Beacons of Hope
The merciless COVID-19 disease threatens economic misery, with people around the world touched by anxiety and unemployment. In this context, never in recent history has so much hope centered on scientists and the studious brilliance of academic institutions. Media headlines tell the story, with newspapers around the world speaking of beacons of hope in the form of potential cures, vaccines, immune therapies, and clinical trials. Without the solutions of science, nations face long-term disruption to their way of life.
The world is focused on what is happening in austere, air-conditioned laboratories. “Far below the haute politique of international relations,” writes Professor Louise Richardson, vice chancellor of Oxford University, in Foreign Affairs (April 9), “there are global institutions in the trenches that are working to find a vaccine, develop effective therapeutics and use technology to design treatments and expedite mass production. They are working together with colleagues from around the world, including the global south. They are, of course, universities. While the medieval streets in Oxford are deserted, some of our labs are buzzing. We have an estimated 500 researchers, assisted by an equal number of technicians and support staff, who are engaged in coronavirus research.” Charvy Narain, in the Oxford Science Blog (February 13) asked, “What do a mathematician, an epidemiologist, a vaccine developer, a protein crystallographer and a whole bevy of immunologists and infectious disease specialists have in common? Answer: they’re just some of Oxford University researchers coming together to fight the novel corona virus outbreak…”. While Beijing and Washington are trading accusations of guilt for this historic pandemic, university research groups around the globe are uniting with pharmaceutical giants, biotechnology firms, and health organizations. Chinese scientists are cooperating with British colleagues. The Jenner Institute at the University of Oxford has agreed to a contract with Italian manufacturer Advent to produce the first batch of a coronavirus vaccine for clinical testing. Some 330 projects were underway worldwide by late April, according to Wikipedia, including 115 for vaccine candidates and 249 potential therapies for COVID-19. The International Clinical Trials Registry Platform of the World Health Organization recorded 536 studies developing therapies for COVID-19 infections, with numerous established anti-viral compounds used to treat other infections potentially being re-purposed. Some drug manufacturers, for example, are researching whether any of their developed HIV cocktails could be adjusted to combat and contain the coronavirus.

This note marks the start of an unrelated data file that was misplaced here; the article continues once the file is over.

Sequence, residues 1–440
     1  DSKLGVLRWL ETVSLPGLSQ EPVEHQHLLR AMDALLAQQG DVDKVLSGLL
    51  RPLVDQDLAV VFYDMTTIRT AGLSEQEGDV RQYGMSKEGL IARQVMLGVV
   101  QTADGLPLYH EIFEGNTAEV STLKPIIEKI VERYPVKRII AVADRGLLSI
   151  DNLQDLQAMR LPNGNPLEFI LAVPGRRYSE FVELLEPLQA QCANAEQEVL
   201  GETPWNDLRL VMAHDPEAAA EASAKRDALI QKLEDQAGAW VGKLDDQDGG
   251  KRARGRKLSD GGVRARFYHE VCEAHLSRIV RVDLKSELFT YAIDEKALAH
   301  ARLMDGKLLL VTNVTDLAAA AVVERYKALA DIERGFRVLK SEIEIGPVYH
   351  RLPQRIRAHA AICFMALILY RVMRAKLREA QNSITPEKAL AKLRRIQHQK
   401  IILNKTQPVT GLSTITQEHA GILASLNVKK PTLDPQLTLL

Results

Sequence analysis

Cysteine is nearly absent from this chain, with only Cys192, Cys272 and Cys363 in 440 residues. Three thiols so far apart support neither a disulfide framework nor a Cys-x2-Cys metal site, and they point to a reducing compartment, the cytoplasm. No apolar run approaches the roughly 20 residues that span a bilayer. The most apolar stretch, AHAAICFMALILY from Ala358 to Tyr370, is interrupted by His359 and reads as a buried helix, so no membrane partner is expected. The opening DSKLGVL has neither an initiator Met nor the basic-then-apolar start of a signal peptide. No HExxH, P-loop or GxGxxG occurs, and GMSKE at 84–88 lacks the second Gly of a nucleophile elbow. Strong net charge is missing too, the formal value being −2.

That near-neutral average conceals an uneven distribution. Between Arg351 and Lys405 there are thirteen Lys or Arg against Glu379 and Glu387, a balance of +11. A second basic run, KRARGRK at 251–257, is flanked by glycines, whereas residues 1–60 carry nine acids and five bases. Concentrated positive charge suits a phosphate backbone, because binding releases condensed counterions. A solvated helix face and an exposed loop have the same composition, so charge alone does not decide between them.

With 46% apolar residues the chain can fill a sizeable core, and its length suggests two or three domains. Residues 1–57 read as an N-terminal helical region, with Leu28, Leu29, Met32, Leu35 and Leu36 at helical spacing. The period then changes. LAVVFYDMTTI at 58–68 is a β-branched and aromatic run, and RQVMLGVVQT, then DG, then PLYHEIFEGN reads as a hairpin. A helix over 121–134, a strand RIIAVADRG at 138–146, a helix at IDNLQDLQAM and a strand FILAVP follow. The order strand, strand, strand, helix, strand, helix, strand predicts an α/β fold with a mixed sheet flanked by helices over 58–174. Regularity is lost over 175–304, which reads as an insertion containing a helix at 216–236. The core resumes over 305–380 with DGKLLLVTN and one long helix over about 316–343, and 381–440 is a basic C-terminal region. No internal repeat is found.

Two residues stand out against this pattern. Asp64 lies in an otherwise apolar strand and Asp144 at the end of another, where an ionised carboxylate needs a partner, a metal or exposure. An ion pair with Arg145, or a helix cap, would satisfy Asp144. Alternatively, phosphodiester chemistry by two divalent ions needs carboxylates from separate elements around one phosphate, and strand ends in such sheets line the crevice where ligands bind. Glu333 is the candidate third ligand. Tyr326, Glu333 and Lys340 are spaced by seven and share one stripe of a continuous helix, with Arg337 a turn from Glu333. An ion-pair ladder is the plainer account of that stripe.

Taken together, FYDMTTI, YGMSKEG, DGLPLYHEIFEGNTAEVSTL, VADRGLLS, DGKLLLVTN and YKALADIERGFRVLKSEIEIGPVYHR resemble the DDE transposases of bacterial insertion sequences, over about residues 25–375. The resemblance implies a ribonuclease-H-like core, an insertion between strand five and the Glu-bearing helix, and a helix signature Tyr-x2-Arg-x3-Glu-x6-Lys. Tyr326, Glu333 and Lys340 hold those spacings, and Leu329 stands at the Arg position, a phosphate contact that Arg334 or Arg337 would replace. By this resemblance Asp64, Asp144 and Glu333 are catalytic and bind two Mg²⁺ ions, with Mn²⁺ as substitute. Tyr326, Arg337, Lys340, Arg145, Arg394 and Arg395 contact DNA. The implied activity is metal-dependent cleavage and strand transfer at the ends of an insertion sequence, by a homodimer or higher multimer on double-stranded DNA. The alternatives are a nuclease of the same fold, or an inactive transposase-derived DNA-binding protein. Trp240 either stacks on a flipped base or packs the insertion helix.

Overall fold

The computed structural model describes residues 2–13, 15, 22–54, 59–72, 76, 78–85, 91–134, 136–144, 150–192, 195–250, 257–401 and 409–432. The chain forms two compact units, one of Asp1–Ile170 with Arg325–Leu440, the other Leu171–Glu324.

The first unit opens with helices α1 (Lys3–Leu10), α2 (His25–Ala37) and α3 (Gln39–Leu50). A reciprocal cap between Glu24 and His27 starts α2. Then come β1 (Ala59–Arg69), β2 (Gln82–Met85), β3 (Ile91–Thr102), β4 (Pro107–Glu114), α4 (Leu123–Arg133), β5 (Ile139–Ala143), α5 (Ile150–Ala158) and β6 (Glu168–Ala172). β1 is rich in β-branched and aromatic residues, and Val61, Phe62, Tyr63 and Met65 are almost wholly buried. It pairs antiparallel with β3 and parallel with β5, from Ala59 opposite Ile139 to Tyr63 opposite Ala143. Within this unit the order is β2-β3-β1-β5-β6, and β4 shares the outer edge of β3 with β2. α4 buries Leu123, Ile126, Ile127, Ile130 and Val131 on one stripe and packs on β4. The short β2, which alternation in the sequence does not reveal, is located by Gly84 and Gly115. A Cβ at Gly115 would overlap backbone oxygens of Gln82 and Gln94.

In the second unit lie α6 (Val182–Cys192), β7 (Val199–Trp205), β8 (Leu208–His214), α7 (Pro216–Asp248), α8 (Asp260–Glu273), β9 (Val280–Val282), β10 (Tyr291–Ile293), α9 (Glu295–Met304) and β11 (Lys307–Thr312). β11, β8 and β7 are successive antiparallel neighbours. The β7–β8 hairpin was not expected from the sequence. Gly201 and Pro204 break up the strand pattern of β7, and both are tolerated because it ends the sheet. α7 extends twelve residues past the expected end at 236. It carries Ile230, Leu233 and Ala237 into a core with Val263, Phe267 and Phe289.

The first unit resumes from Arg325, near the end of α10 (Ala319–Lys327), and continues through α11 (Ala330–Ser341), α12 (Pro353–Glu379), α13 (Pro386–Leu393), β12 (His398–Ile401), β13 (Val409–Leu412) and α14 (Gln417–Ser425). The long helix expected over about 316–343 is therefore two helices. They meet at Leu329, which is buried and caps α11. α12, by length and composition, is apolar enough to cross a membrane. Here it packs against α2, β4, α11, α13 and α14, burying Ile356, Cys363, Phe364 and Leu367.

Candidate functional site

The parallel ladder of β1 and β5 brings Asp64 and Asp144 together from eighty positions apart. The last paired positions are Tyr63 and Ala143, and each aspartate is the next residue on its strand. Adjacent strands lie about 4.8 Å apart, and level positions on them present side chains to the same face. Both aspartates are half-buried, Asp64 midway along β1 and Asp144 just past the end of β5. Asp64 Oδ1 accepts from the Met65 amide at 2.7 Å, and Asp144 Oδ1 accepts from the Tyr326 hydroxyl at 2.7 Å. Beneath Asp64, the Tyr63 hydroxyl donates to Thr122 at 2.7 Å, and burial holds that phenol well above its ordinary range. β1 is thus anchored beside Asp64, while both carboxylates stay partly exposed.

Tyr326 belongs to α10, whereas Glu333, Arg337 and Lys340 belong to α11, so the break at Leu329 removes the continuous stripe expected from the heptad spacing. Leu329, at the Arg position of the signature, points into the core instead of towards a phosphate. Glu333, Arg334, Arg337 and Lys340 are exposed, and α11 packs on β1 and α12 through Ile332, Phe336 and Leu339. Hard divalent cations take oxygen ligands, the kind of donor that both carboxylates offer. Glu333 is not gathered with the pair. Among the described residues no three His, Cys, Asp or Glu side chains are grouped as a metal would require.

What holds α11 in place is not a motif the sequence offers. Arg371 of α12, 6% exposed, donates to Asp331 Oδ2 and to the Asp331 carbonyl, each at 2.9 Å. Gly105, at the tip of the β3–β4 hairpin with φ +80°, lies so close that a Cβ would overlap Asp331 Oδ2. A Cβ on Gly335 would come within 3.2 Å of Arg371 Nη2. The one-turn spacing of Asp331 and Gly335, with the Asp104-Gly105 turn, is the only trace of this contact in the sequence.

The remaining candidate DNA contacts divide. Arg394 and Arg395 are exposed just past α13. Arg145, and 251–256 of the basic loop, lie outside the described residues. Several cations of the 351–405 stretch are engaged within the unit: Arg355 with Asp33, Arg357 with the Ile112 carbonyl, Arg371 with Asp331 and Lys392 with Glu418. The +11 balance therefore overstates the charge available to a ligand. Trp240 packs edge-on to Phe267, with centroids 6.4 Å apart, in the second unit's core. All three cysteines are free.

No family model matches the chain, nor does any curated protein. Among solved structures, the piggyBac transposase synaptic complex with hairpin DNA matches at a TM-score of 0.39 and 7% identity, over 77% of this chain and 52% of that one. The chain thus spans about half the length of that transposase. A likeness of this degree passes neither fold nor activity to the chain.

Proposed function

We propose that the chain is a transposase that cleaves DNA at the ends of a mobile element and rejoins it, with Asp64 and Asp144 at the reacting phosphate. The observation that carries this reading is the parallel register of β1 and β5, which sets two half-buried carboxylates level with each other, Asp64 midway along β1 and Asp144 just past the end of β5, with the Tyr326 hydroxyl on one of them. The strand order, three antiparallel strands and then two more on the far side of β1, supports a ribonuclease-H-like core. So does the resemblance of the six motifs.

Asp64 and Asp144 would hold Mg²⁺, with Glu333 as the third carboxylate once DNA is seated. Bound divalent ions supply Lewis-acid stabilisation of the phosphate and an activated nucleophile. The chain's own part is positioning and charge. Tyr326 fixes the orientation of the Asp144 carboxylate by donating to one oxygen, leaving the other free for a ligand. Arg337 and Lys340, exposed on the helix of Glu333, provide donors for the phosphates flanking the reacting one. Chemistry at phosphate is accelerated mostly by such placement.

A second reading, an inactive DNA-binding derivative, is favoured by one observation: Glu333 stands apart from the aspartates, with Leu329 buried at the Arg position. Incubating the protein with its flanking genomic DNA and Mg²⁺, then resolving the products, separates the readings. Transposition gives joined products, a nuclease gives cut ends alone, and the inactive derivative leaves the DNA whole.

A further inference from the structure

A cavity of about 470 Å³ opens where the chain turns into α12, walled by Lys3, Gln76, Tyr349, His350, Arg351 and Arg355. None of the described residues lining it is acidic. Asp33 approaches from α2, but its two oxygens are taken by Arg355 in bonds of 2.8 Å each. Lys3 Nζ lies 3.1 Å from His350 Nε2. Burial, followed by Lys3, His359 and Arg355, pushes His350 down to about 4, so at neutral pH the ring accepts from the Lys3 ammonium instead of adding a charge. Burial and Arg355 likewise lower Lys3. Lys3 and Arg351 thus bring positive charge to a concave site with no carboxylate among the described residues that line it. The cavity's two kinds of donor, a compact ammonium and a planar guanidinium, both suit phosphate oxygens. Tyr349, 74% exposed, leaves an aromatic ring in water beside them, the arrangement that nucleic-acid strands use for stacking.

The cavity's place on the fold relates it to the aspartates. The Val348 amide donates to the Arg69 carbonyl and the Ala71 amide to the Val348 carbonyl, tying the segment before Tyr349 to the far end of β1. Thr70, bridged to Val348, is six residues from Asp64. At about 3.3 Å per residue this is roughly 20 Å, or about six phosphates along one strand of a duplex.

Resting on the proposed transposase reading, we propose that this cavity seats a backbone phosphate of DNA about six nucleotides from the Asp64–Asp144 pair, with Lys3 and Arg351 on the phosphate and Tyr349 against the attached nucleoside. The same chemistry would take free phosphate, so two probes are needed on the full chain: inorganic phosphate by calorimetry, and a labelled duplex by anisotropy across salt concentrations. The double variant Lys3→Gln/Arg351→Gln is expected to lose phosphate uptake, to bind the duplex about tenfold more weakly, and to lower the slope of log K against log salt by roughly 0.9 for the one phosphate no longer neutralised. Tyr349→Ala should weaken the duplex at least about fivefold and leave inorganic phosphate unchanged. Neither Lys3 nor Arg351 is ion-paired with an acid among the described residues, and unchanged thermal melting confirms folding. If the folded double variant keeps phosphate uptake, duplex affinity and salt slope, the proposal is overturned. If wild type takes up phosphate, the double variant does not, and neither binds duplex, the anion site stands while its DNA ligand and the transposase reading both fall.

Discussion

The Race is on
However, the Einsteins of our time might never find the vaccine, and if they do, it could take a decade. Vaccine and drug development involves multiple processes and various phases, and typically takes more than five years to demonstrate the safety and efficacy of the new compound. Several national regulatory agencies, including the American Food and Drug Administration, have approved expedited clinical testing of coronavirus vaccines. A growing number of vaccine makers say they are already starting to brew tons of doses—wasting millions of dollars if they bet on the wrong candidate, but shaving a few months off mass vaccinations, if their choice pans out. In March, the U.S. Department of Energy, National Science Foundation, NASA, industries, and nine universities pooled resources to access super computers from IBM, combined with cloud-computing resources from Hewlett Packard, Amazon, Microsoft, and Google, for drug discovery. “The race to produce a vaccine for the latest coronavirus”, reported The Economist. Whoever is the first to offer the world the magic remedy can order his or her personal super yacht.